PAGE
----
First, forget about the fact that he's a wealthy guy. None of the candidates is hurting for cash. And don't hate Mitt for spending a sum on a vacation that exceeds all of your retirement savings, but don't be impressed by it either. This is America after all.
And, of course, there is no need to take seriously either the flip or the flop on that large number of issues where the Great Equivocator seems to have—er—equivocated. Consistency, foolish or otherwise, is not a characteristic that can be ascribed to any presidential candidate. And finally, the fact that Bain Capital sometimes looted companies and killed jobs is not remarkable. Nor is the fact that Bain Capital sometimes created jobs. This is capitalism and all of the literally thousands of enterprises that call themselves private equity or hedge funds did exactly the same thing—perhaps on occasion with less voraciousness and enthusiasm—but also, for the most part, less successfully.
What is notable about Mr. Romney's association with Bain is what you can perhaps glean about his worldview. More on that later.
But here's what we do know. Irrespective of his attempts to morph from moderate former Governor of Massachusetts into ardent right-wing GOP candidate of 2012, a number of Mr. Romney's positions are pretty anti-consumer.
1. He hates the very idea of the Consumer Financial Protection Bureau, and we can be certain that he would do his best to kill or, at the very least, emasculate it. He has, in fact, committed to "repeal[ing] the Dodd-Frank Act" in its entirety, and replacing it with something more "streamlined." He promises that he'll, "Initiate review and elimination of all Obama-era regulations that unduly burden the economy." Did you catch that? He's committed to eliminating the regulations before he's actually reviewed them. I would expect more of any thoughtful and deliberative leader.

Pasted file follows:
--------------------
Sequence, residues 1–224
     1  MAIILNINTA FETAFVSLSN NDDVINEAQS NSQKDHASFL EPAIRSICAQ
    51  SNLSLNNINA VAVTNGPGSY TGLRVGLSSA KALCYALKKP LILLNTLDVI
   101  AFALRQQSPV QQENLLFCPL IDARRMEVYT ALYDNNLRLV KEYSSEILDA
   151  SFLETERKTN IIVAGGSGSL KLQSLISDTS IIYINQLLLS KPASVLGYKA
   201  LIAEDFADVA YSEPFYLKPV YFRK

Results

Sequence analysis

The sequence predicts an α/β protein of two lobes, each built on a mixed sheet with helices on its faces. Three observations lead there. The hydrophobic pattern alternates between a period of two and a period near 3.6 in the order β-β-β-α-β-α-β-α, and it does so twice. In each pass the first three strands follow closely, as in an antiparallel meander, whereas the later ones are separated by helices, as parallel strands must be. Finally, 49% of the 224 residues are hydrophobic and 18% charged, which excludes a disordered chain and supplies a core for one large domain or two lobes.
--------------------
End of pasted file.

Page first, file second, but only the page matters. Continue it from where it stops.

2. His tax plan would provide very little if any tax relief to the lower and middle classes, but would be a boon for high-income earners. The Associated Press, reporting on an analysis of Romney's plan, wrote "On average, households making less than $20,000 would see their taxes increase by more than 60 percent, said the Tax Policy Center, a Washington research group that studied the Romney plan. Households making between $50,000 and $75,000 would get small tax cuts, averaging 2.2 percent, or about $250, the study said. People making more than $1 million would get tax cuts averaging 15 percent, or about $146,000."
3. The scariest position Romney has taken seems to be among the most genuine—at least according to his aides who say that the policy came directly from Mitt himself. Even a Wall Street Journal editorial noted that, "By far the most troubling proposal is Mr. Romney's call for 'confronting China' on trade… pledging to have his Treasury brand China a 'currency manipulator' if it doesn't 'move quickly to bring its currency to full value.' He'd then hit Beijing with countervailing duties. Starting a trade war is a rare policy mistake that Mr. Obama hasn't made, but Mr. Romney claims it is a way to faster growth… But giving Americans the impression that a trade war will bring … jobs back to the U.S. is offering false hope. It also distracts from the other fiscal and regulatory reforms that are needed to attract capital and create jobs."